Dump the cellphones. We never had them during the 1960s through 1980s.

This current preoccupation with social media is both inane and totally responsible for any 'sleep deprivation' concerns.


Justine Walters
Registered user
Old Palo Alto
on Aug 13, 2022 at 2:53 pm
Justine Walters, Old Palo Alto
Registered user
on Aug 13, 2022 at 2:53 pm
Bette Hargrove
Registered user
Old Palo Alto
on Aug 13, 2022 at 3:45 pm
Bette Hargrove, Old Palo Alto
Registered user
on Aug 13, 2022 at 3:45 pm

Yes...blame internet addiction for sleep deprivation and distraction from other more pertinent responsibilities.

When we were kids, there were no cellphones for talking, texting, and online excursions...just 10¢ pay phones.

And there was no cyber-bullying and shaming either. If someone wanted to badmouth another individual, they did it verbally and behind the other person's back.


Trevor Thompson
Registered user
Los Altos
on Aug 13, 2022 at 5:28 pm
Trevor Thompson, Los Altos
Registered user
on Aug 13, 2022 at 5:28 pm

"...kids today are LAZY."

^ Add self-entitled to the equation as well.

America of the future is screwed.


S. Underwood
Registered user
Crescent Park
on Aug 13, 2022 at 9:55 pm
S. Underwood, Crescent Park
Registered user
on Aug 13, 2022 at 9:55 pm

I feel this is moving around deck chairs. In 18 months we'll be seeing soccer practices and such at 8pm. (Some already are, but it will be more common.). The cell phones need to go, and parents need to learn about bedtime.


Amy
Registered user
Crescent Park
on Aug 13, 2022 at 10:40 pm
Amy , Crescent Park
Registered user
on Aug 13, 2022 at 10:40 pm

Mr Zhau
Teens with after school jobs getting out at 4:10 can only work a shift from 5-8. That would leave one hour for homework and dinner with your imposes 9pm bedtime. Your children clearly just come home to do homework and go to bed. Not realistic for most kids.


III
Registered user
Midtown
on Aug 14, 2022 at 8:53 am
III, Midtown
Registered user
on Aug 14, 2022 at 8:53 am

I could be wrong. But based on my experience, "kids" spend much too much time
evenings playing around on their tech gagets. I went to Paly, competed in sports
after school varsity level 2 different sports, I coached at Paly, been around kids past
40 yrs. Those with sleep concerns, were NOT RELATED to work, or late night studies.
Were related to interacting with technology games or communication with friends also up late.
I would agree, today, there is much more homework/school related work. But again,
8am to 3pm was school. Practice was 3:30pm to 5:30pm. Homework was 7pm-9pm
then to bed. We/I did that Paly, Foothill College, Cal Berkeley. And I found lots
of time summers, off season to have fun later in evenings. And I had summer jobs ALWAYS.
Parents need to step up to the plate with better technology control evenings, IMHO.
III


Marlon Williams
Registered user
Mountain View
on Aug 14, 2022 at 11:06 am
Marlon Williams, Mountain View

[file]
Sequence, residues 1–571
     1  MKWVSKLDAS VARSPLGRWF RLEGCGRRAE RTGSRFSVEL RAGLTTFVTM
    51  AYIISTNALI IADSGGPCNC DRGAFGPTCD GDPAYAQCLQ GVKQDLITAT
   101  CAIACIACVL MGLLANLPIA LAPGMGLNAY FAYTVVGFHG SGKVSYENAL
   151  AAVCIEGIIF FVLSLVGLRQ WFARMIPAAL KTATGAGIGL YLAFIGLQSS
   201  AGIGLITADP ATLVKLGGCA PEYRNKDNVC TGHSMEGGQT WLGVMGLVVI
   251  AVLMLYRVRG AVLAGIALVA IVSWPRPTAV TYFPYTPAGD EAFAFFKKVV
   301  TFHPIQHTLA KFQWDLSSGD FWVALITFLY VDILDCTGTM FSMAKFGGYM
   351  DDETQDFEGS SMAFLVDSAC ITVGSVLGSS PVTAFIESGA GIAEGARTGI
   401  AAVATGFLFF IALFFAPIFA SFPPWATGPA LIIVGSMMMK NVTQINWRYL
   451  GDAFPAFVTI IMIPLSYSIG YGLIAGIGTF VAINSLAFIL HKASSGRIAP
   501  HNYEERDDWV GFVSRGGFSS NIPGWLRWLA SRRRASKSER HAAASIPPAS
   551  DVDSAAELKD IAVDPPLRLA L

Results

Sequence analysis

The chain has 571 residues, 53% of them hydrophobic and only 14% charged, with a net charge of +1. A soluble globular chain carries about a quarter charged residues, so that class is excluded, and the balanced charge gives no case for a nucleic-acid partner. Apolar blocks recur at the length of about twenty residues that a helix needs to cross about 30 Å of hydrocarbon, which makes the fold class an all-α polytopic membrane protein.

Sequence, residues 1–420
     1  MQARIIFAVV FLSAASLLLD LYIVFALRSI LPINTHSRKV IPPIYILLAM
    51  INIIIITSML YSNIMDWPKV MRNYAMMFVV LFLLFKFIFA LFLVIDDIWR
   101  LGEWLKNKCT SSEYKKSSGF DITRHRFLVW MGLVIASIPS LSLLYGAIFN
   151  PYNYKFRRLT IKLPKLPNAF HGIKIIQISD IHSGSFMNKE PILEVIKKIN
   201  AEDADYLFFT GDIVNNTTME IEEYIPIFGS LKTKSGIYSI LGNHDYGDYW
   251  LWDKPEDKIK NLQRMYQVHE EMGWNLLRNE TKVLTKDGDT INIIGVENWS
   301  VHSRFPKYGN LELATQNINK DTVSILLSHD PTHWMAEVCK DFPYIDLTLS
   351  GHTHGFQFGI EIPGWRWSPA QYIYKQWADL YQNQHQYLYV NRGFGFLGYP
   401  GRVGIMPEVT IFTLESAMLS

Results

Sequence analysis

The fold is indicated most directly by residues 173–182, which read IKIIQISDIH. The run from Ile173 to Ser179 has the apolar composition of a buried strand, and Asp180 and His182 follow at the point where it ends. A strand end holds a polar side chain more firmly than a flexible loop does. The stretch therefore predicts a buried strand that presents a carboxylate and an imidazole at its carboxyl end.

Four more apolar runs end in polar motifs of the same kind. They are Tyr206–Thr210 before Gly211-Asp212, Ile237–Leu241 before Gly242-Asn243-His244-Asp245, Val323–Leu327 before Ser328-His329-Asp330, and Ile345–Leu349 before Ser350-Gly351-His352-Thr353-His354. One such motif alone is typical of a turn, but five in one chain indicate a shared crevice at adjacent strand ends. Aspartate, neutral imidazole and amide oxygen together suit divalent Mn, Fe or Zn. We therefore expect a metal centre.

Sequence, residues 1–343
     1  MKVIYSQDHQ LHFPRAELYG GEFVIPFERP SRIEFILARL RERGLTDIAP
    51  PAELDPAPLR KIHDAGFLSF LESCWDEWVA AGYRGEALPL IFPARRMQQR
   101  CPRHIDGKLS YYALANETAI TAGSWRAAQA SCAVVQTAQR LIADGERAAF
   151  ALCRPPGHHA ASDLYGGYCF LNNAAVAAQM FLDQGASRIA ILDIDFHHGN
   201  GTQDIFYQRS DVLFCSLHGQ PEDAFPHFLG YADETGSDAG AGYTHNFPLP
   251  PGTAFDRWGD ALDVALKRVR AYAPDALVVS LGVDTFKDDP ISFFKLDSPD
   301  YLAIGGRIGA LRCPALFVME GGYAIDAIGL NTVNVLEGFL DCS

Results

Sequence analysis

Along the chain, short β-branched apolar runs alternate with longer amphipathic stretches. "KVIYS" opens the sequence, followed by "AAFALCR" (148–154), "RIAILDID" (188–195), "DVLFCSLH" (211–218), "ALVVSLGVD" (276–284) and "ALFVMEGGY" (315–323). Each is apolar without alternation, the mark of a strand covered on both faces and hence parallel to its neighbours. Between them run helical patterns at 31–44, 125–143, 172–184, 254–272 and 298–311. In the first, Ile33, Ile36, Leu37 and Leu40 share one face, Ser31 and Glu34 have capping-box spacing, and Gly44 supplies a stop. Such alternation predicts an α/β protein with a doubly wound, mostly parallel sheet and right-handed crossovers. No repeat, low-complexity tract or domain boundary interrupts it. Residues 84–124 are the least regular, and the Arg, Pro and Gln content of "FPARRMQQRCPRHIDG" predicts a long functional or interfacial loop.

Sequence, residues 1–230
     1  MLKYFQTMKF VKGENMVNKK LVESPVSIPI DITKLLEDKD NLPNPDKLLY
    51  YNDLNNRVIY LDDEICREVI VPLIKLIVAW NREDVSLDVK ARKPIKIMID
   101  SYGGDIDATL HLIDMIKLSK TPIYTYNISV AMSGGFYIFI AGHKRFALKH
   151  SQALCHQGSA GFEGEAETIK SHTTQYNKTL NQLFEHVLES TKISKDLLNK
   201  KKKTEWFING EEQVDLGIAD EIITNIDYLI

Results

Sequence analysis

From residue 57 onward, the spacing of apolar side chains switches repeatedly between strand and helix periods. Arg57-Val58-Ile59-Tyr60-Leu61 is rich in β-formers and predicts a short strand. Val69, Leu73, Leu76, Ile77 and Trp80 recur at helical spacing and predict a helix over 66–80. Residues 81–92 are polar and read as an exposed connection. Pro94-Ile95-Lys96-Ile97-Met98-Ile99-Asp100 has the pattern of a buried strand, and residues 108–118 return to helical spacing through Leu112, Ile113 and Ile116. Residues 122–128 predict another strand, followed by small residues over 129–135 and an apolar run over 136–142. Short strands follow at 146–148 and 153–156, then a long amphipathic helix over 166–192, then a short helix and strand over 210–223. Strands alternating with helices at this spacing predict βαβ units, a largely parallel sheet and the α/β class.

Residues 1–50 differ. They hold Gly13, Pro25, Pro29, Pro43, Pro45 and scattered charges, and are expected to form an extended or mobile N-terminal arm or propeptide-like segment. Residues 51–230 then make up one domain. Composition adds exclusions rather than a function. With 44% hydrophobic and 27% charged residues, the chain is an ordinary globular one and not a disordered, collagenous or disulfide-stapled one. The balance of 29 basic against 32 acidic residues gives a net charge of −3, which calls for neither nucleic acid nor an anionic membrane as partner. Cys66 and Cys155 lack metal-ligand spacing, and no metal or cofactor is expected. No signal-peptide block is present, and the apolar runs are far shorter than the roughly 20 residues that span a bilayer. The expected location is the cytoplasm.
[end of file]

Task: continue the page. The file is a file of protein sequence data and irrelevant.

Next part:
Registered user
on Aug 14, 2022 at 11:06 am

"Teens with after school jobs..."
^ In Palo Alto and Los Altos, very few teens have after school jobs.


Bobbie Jenkins
Registered user
Mountain View
on Aug 14, 2022 at 12:49 pm
Bobbie Jenkins, Mountain View
Registered user
on Aug 14, 2022 at 12:49 pm

Kids today do not know how to manage their time...too many distractions and time wasted on online gossip.

Take away their smartphones and they will have plenty of time for sleep, school, homework, and maybe even a few chores around the house.

This sleep deprivation nonsense is a relatively new phenomena being perpetrated by adolescent slackers.


William Hitchens
Registered user
Mountain View
on Aug 14, 2022 at 5:14 pm
William Hitchens, Mountain View
Registered user
on Aug 14, 2022 at 5:14 pm

This 8:30 school start will make life tougher for working parents. Aren't school hours set up to make it most viable for their working parents, who have to drop the kids up at about 7:45 AM to start to work at 8:30 AM??? The parents and the kids will need about 1 1/2 hours to bathe, dress, eat, and get out of the house at 7:30 AM, so this means that they'll still have to get up at about 6 AM. I believe that kids starting later is a good thing because I was late sleeper as a child. But if you want to make kids sleep longer in the morning, then it will be necessary to find a way to make their parents arrive at work later, and that will be a very tough nut to crack.

And in professions like construction, or medicine, or even teaching, it is necessary to be at work by 8 AM or earlier.


Jennifer
Registered user
another community
on Aug 14, 2022 at 8:38 pm
Jennifer, another community
Registered user
on Aug 14, 2022 at 8:38 pm

Goodness... whatever happened to a start time/ring the bell. This is over analyzing, and that's putting it mildly.

Getting your kids to school on time isn't any different than adults getting to work on time. You make the necessary changes, and you do it.